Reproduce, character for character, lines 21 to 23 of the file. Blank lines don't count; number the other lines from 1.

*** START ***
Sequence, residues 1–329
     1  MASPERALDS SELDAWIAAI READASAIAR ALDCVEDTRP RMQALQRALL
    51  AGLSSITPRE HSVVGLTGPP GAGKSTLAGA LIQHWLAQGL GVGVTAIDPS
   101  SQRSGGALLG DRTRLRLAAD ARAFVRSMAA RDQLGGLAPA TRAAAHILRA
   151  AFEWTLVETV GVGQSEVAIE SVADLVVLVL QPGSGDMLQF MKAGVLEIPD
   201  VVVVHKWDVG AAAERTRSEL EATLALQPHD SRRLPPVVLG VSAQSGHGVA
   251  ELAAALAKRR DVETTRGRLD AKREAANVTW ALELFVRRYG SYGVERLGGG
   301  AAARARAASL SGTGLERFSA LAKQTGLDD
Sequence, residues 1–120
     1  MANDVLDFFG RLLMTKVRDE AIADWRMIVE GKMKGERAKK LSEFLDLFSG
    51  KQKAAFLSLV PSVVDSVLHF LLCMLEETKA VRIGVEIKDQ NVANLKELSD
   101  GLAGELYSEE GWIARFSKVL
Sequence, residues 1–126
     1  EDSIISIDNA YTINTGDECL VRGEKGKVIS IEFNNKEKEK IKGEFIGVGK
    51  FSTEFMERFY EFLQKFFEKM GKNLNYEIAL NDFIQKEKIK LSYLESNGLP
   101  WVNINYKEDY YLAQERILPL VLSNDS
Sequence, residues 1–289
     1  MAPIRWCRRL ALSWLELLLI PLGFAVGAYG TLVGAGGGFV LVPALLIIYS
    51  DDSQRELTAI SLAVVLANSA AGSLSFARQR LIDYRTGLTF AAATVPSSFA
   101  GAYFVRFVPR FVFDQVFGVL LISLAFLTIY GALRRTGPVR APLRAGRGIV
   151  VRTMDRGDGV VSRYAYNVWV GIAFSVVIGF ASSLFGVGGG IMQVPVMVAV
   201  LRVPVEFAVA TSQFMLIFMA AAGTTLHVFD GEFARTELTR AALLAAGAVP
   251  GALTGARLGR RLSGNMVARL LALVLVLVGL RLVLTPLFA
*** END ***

   151  VRTMDRGDGV VSRYAYNVWV GIAFSVVIGF ASSLFGVGGG IMQVPVMVAV
   201  LRVPVEFAVA TSQFMLIFMA AAGTTLHVFD GEFARTELTR AALLAAGAVP
   251  GALTGARLGR RLSGNMVARL LALVLVLVGL RLVLTPLFA